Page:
Star Rating: 4.5/5
- Ridley Scott – Alien, American Gangster, Robin Hood, Prometheus, Exodus: Gods And King, Alien: Covenant
- Matt Damon – The Departed, True Grit, The Adjustment Bureau, Contagion, Elysium, Interstellar, Bourne I-III & V
- Jessica Chastain – Jolene, The Debt, Take Shelter, Coriolanus, The Help, Zero Dark Thirty, Mama, Interstellar, The Huntsman
- Jeff Daniels – Dumb And Dumber I-II, The Hours, Looper, Steve Jobs
- Kate Mara – 127 Hours, Ironclad, House of Cards, Transcendence, The Heyday of Insensitive Bastards
- Chiwetel Ejiofor – Love, Actually, Inside Man, American Gangster, 12 Years A Slave, Secret In Their Eyes
- Michael Peña – Babel, The Lincoln Lawyer, End Of Watch, Fury, War On Everyone
- Sean Bean – Goldeneye, The Lords of the Rings I-III, Troy, Game of Thrones, The Young Messiah
- Kristen Wiig – Paul, Bridesmaids, Despicable Me I & II, Her, The Heyday of Insensitive Bastards
- Sebastian Stan – The Covenant, Black Swan, The Apparition, Captain America I, II & III
- Harry Gregson-Williams – Shrek I-IV, Kingdom of Heaven, Unstoppable, Blackhat, Life Briefly
On this blog, much has been made of the paucity of Ridley Scott’s films over the last fifteen years. For a director who once made Alien, Blade Runner and Gladiator, it is astonishing that Scott has made terrible film after terrible film since Gladiator was released in 2000. So going into The Martian, what was one to expect? Another terrible film to add to Scott’s bloated collection? Actually, nothing of the sort: a pleasant surprise.
The Martian is based on Andrew Weir’s 2011 novel with the same title. Mark Watney (Matt Damon) is exploring Mars with a NASA team, led by Melissa Lewis (Jessica Chastain). The team are out on the Red Planet when a freak storm occurs, knocking Mark away. Believing that he is dead, and fearing that the storm will destroy the team’s means of getting home, Melissa orders an evacuation.
However, Mark is not dead and wakes up to find that the team have left Mars without him. Considering that the next NASA flight mission to Mars is not for another four years, Mark knows he’s going to be stuck on his own on Mars for a while. Yet, he only has enough food for a few months. So how will he survive?
At its core, The Martian has a simple premise: how Mark, all on his own, is going to keep himself alive. One might ask oneself how interesting such a plot could be. Yet, surprisingly, The Martian is an entertaining, innovative and engaging movie. Undoubtedly, it is Ridley Scott’s finest film since Gladiator! (Then again, with Kingdom of Heaven, Prometheus, The Counsellor and Exodus among his recent films, that is not saying much at all.)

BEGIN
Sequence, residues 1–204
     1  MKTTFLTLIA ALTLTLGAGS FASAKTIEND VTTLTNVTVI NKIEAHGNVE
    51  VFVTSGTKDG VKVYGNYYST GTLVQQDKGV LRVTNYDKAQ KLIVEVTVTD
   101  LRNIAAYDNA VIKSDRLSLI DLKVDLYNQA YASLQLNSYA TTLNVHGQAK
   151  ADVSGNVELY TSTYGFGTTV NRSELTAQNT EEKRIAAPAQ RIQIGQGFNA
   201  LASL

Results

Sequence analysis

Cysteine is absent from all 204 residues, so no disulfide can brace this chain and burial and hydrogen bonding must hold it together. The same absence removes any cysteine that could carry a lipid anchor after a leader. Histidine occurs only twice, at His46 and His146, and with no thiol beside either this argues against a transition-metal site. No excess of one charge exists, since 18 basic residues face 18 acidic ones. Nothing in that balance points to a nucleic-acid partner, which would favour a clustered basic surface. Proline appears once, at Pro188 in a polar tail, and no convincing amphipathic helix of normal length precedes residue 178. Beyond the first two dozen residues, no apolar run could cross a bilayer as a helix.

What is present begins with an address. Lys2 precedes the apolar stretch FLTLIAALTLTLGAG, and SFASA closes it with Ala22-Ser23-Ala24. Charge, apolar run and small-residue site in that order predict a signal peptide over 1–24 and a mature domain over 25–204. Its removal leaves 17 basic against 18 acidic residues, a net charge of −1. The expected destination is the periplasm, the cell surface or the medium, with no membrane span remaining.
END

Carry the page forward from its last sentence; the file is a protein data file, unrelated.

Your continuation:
Part of the reason why The Martian is so good is because the desert scenery of Mars (or, rather, of Jordan, where the movie was filmed) is beautifully shot. Seeing the landscape of this foreign planet is as wondrous as any awe-inspiring place on Earth, as evidenced in The Way Back, True Grit, Sanctum and Macbeth, to name but four. Moreover, The Martian is an extremely interesting film. Our main character, Mark, is a (genius) botanist, and it is fascinating watching him carry out scientific experiments using natural elements in order to survive.
But while the scenery is wondrous and the experiments are ingenious, The Martian would not have been half as engrossing without really good acting. Matt Damon has such a magnificent screen presence that he, alone (quite literally), can hold audiences’ attentions. Sean Bean is good as the honourable (Ned Stark-like) man, as is Chiwetel Ejiofor. Jeff Daniel’s is also decent as the NASA director, with the (legitimate) counter-arguments to Bean’s and Ejiofor’s suggestions. And, lastly, the crew (headed by Jessica Chastain) play decently enough with the little time that they’re given on screen.
Assisting the cast, however, is a really good script, which ensures that The Martian surpasses recent, phenomenal space films such as Gravity and Interstellar. This is because the former was let down by a B-movie script, while the latter suffered from an incoherent storyline. The Martian, by contrast, has all the best elements of those movies, plus humour. The humour, in itself, warrants that viewers empathise with the characters and (cleverly) enables audiences to ignore the scientific technicalities if they don’t understand them.
Scott gets a lot right with The Martian. Nevertheless, that is not to say that the movie is not without its faults. First, the storm at the beginning of the film is massively contrived to get the plot moving. And, second, the movie is predictable and the ending is an utter cliché. Yet, if these are the main flaws of the film, they are quite trivial, thereby emphasising just how well Scott has done with this movie.
All-in-all, The Martian is a very entertaining film. It has no significant faults, it is innovative and it is funny. To think that the movie is predominantly about a man stuck on Mars on his own, trying to survive against the elements, underlines how impressive The Martian is. It also highlights that Ridley Scott still can direct excellent movies, despite his atrocious recent record. Let’s hope that The Martian can inspire Scott to cease making films of the poverty of Prometheus and Exodus, so that he can return to making films of the brilliance of Alien, Blade Runner and Gladiator.